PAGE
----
Local Business, Local Peace: the Peacebuilding Potential of the Domestic Private Sector is a collection of experiences of local businesspeople in conflict-affected societies where concrete steps have been taken to reflect on their own relationship to the conflict context, and contribute to peace. The publication includes some lessons for development agencies on supporting a positive role for business in conflict zones.
Conflict-Sensitive Business Practice: Guidance for Extractive Industries (CSBP) is a set of tools to help multinational companies concerned with improving their impact on host countries to begin thinking more creatively about understanding and minimising conflict risk, and actively contributing to peace.
The following screening tools act as a departure point for conflict-sensitive business practices. They provide analysis of the risk of conflict or conflict-escalation through research of the conditions associated with conflict.
Macro-level Conflict Risk and Impact Assessment tool (M-CRIA):
M-CRIA is designed to bridge the gap in normal political and financial risk assessment in analysing conflict risk. The process consists of a series of steps that involve substantial and continuous consultation with local representatives and the production of a conflict analysis report that must be constantly revised as circumstances change.
The guiding principle is consideration of the conflict in and of itself, and not in a company or project context. Stakeholder engagement, conducted as a two-way dialogue not an information gathering mission for the company, is a central aspect of the process and ensures that host communities have a vested interest in the success of the project from the outset.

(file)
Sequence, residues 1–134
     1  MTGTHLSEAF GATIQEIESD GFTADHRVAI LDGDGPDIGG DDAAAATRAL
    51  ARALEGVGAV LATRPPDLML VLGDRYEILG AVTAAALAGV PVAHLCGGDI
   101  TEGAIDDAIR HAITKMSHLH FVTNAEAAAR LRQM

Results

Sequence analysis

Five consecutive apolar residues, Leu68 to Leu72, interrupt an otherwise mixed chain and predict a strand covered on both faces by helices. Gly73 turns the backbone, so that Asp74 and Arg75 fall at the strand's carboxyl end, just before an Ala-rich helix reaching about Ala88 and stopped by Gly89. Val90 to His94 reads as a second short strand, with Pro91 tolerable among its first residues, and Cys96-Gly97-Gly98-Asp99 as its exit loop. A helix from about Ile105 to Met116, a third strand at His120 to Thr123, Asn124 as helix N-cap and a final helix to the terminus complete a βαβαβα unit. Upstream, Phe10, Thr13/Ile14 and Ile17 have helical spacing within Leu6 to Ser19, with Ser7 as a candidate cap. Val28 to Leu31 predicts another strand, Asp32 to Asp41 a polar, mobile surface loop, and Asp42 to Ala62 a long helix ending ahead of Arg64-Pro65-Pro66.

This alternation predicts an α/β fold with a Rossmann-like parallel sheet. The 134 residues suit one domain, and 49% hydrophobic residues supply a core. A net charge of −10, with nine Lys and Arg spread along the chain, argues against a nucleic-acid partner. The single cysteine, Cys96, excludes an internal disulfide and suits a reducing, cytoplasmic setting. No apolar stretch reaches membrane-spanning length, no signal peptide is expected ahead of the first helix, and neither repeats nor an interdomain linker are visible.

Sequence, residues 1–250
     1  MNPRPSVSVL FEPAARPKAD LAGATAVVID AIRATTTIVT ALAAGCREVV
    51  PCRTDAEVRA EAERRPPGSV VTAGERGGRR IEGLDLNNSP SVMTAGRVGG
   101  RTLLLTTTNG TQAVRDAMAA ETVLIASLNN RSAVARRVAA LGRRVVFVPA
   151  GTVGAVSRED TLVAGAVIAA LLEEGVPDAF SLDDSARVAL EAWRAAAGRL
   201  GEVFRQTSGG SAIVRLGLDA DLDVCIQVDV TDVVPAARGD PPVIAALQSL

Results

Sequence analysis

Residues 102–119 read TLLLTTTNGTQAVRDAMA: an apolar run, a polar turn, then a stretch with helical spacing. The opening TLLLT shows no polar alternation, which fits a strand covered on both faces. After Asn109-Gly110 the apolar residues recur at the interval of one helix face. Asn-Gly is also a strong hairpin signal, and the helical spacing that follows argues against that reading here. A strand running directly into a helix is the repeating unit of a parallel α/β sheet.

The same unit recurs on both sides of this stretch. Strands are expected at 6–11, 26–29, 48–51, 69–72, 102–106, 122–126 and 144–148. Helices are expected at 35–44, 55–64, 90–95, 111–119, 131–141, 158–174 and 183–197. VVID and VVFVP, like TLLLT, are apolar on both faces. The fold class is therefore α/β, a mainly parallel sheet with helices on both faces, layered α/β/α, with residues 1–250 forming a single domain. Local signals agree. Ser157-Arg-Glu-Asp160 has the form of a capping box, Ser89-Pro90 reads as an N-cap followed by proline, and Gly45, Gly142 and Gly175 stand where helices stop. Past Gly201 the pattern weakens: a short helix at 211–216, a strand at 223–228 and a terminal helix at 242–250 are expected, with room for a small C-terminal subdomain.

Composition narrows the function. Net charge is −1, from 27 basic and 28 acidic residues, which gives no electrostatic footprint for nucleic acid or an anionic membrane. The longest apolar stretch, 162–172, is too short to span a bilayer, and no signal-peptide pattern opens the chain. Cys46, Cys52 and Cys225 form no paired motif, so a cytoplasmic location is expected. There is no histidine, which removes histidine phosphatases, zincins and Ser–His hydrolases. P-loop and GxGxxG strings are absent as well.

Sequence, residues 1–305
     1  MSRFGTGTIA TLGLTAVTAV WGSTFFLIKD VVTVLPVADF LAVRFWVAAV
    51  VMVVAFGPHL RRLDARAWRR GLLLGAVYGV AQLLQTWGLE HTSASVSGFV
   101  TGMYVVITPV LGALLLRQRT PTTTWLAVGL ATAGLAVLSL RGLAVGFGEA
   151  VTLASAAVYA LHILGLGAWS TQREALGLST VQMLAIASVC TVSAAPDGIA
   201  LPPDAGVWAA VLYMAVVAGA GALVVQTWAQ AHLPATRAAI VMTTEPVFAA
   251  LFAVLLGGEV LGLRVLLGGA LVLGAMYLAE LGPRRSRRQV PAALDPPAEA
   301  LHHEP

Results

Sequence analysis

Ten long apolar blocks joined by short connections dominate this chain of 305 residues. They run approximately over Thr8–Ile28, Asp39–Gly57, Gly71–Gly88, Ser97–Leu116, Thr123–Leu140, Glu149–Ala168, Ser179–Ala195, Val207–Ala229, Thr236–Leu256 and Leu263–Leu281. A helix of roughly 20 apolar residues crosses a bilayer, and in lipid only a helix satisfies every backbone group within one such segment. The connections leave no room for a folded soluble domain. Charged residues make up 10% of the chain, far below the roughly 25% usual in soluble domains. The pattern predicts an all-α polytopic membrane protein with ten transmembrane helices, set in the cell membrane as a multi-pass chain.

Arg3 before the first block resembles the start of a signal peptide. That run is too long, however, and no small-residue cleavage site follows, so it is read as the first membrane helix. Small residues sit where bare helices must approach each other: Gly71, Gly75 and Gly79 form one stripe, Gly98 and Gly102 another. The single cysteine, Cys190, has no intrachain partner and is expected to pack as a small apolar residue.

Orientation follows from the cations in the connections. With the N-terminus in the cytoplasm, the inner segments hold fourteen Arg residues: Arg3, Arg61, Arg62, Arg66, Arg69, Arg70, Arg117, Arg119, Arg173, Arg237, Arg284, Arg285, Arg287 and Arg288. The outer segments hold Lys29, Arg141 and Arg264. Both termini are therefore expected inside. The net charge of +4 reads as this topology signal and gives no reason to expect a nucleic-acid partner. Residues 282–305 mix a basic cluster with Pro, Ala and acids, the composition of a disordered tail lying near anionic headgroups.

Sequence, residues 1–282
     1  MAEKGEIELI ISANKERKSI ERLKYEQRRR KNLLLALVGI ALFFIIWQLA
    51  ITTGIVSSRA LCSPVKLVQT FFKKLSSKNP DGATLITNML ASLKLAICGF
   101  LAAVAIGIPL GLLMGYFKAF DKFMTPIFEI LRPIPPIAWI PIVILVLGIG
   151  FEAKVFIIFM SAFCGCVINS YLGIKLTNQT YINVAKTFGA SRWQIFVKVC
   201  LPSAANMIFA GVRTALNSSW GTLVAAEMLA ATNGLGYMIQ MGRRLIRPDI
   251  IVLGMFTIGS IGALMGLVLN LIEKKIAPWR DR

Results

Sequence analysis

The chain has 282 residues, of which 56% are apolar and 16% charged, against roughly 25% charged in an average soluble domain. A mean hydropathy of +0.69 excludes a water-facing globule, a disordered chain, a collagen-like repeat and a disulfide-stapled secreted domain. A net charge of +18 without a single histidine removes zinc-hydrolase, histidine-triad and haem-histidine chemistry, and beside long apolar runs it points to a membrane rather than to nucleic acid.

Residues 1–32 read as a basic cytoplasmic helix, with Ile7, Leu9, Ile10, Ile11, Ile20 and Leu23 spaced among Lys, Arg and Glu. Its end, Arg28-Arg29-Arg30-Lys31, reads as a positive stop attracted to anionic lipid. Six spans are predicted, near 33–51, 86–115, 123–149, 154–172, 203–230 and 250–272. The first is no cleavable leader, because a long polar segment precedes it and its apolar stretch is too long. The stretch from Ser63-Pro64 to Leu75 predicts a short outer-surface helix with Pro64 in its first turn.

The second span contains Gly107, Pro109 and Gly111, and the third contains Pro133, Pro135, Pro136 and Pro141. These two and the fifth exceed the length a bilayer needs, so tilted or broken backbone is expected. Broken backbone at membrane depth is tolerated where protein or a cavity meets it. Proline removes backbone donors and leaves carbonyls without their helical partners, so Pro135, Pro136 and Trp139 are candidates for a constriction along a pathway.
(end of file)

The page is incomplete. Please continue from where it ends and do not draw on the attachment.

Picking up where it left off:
For more information, see Section 3: M-CRIA of CSBP.
Project-level Conflict Risk and Impact Assessment tool (P-CRIA)
P-CRIA fills the same gaps as M-CRIA on a local or project level. It is a mechanism for a company to generate a social licence to operate’ and as such is the crux of operationalising conflict-sensitive business practices.
Methodology for this stage of conflict-sensitive business practice includes participatory analysis, particularly for those residing in areas impacted by the project; good communication and strong local relationships; and shared decision-making.
The company is required to go through a number of key steps to ensure successful implementation of P-CRIA. The steps involve a comprehensive participatory analysis of the context and stakeholders, including developing a rich understanding of the host society; and design and implementation of mitigating strategies which must address all aspects of business impact and be constructed in conjunction with the host community.
For more information, see Section 3: P-CRIA of CSBP